Trends of Cardiovascular Disease Mortality in Relation to Population Aging in Greece (1956 - 2015)
Natasa Kollia1, Alexandra Tragaki2, Aristomenis I. Syngelakis3, Demosthenes Panagiotakos1, 4, 5, 6, *
1 Department of Nutrition and Dietetics, School of Health Science and Education, Harokopio University, Athens, Greece
2 Department of Geography, School of Environment, Geography and Applied Economics, Harokopio University, Athens, Greece
3 School of Social Sciences, Hellenic Open University, Patras, Greece
4 Faculty of Health, University of Canberra, Bruce, Australia
5 School of Allied Health, College of Science, Health and Engineering, LA TROBE University, Melbourne, Australia
6 Department of Kinesiology & Health RUTGERS, School of Arts & Life Sciences, The State University of New Jersey, New Brunswick, NJ, USA
Demographic dynamics and decreasing trends in mortality from chronic diseases are major contributors to the phenomenon of population aging. The purpose of the present study was to examine the association between cardiovascular disease (CVD) mortality and demographic indicators, in Greece the past 60 years.
Life Expectancy at birth (LE), population age structure, fertility rates (TFR) and all-cause, CVD mortality rates were retrieved (data provided by the Hellenic Statistical Authority, 1956-2015). In order to test the research hypothesis time-series analysis was conducted.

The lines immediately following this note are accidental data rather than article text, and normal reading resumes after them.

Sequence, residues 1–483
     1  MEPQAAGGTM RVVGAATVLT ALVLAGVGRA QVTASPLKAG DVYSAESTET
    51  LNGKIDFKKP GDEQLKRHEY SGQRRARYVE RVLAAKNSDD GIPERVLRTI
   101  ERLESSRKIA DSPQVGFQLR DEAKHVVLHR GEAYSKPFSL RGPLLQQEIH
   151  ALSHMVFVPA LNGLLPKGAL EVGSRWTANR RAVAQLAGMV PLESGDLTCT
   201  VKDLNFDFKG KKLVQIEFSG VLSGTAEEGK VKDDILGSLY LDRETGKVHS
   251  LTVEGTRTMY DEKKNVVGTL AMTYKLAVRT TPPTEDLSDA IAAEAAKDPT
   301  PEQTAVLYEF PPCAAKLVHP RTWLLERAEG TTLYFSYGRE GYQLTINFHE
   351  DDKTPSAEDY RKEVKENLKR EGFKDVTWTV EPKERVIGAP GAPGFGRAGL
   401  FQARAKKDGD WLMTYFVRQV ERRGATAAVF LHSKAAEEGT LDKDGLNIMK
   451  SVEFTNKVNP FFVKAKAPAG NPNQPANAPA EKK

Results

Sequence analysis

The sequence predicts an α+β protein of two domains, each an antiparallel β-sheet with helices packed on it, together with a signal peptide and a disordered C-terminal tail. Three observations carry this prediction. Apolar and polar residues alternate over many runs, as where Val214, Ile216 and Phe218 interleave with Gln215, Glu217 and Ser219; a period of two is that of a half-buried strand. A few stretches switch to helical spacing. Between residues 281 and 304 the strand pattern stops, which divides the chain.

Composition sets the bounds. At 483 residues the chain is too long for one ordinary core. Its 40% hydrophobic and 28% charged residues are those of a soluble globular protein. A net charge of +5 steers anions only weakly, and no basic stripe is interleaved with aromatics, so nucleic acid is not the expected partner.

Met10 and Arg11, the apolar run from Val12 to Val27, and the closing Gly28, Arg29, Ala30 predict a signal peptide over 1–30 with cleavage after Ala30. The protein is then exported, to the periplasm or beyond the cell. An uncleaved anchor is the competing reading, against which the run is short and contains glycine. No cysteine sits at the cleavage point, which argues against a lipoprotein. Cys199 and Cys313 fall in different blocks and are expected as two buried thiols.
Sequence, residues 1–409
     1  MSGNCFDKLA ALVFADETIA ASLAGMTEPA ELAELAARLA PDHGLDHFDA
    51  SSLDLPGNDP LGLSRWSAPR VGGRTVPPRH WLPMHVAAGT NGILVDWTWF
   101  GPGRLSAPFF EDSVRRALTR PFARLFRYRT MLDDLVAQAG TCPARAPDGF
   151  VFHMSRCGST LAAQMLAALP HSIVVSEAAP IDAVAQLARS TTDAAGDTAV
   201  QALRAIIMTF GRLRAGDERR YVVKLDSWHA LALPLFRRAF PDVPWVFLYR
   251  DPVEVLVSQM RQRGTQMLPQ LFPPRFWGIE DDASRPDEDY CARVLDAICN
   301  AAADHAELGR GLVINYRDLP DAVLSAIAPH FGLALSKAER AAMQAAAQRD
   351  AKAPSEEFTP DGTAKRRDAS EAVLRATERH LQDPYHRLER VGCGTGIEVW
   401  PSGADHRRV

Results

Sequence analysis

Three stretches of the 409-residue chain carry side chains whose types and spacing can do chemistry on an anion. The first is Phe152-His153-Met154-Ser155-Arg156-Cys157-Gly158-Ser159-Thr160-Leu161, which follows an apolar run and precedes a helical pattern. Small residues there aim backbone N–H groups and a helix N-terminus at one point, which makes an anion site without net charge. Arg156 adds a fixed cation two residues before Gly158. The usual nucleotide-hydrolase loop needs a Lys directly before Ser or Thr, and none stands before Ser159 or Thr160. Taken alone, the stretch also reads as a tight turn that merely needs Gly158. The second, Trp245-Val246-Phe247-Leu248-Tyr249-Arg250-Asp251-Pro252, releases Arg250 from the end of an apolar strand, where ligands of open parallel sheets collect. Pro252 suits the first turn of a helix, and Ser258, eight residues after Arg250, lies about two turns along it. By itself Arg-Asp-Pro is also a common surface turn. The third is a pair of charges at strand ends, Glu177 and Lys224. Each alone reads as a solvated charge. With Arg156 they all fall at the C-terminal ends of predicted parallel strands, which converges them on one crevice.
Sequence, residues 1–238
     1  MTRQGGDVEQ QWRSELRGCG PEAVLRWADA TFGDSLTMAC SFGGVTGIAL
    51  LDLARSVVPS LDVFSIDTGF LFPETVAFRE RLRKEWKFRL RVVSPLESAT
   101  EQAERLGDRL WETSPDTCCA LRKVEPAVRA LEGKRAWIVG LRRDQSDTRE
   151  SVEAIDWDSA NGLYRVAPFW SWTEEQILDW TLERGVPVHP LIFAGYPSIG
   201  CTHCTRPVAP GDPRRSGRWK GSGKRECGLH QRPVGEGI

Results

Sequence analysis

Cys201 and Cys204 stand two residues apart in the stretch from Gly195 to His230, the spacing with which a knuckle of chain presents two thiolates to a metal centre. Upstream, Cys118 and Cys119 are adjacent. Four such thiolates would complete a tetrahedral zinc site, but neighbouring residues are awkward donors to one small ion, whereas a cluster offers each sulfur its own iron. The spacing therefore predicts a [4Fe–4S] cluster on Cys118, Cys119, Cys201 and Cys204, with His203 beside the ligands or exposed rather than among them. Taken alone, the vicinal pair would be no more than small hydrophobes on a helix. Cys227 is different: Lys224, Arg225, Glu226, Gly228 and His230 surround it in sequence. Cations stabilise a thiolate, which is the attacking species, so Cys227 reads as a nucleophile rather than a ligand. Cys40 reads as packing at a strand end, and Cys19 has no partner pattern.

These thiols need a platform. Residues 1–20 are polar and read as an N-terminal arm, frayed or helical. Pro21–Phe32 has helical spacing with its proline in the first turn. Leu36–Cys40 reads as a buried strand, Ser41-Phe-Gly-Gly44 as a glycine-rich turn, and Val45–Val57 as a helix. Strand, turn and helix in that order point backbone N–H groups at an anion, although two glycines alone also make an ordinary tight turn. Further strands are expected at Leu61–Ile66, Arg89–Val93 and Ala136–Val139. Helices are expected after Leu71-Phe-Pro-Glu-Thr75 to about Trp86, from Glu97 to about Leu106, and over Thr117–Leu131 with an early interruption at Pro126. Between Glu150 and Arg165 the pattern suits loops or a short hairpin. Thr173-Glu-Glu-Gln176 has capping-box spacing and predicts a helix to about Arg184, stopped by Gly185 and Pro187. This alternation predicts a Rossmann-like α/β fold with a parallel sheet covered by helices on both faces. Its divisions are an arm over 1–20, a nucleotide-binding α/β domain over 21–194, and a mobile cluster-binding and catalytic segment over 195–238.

Increasing trends in LE and in the older age (>65 or >80 years) groups’ share and declining trends in TFR were recorded. CVD mortality, after an upward course, showed decreasing trends during 1988–2009, accounting for the 96% and 97% increment in LE in men and women respectively. However, newer records (2010-2015) show a new upward trend. The declining trends in TFR were highly associated with the shifts towards the upper part of the population age pyramid.
Population aging is a historically unprecedented event that cannot be avoided, deterred or alleviated. Its negative effects act cumulatively with the recent increases in cardiovascular mortality, especially in the light of the ongoing economic crisis which is expected to further exacerbate the existing contrasts. A possible way to successfully cope with the new demographic realities is to unlock an, up till now largely overlooked, opportunity named “healthy aging”.
Keywords: Population aging, Cardiovascular disease, Mortality, Life expectancy, Fertility, Demographic changes.
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* Address correspondence to this author at the Department of Nutrition and Dietetics, School of Health Science and Education, Harokopio University, Athens, 17671, Greece; Tel: +30 210-9549332; E-mail: email@example.com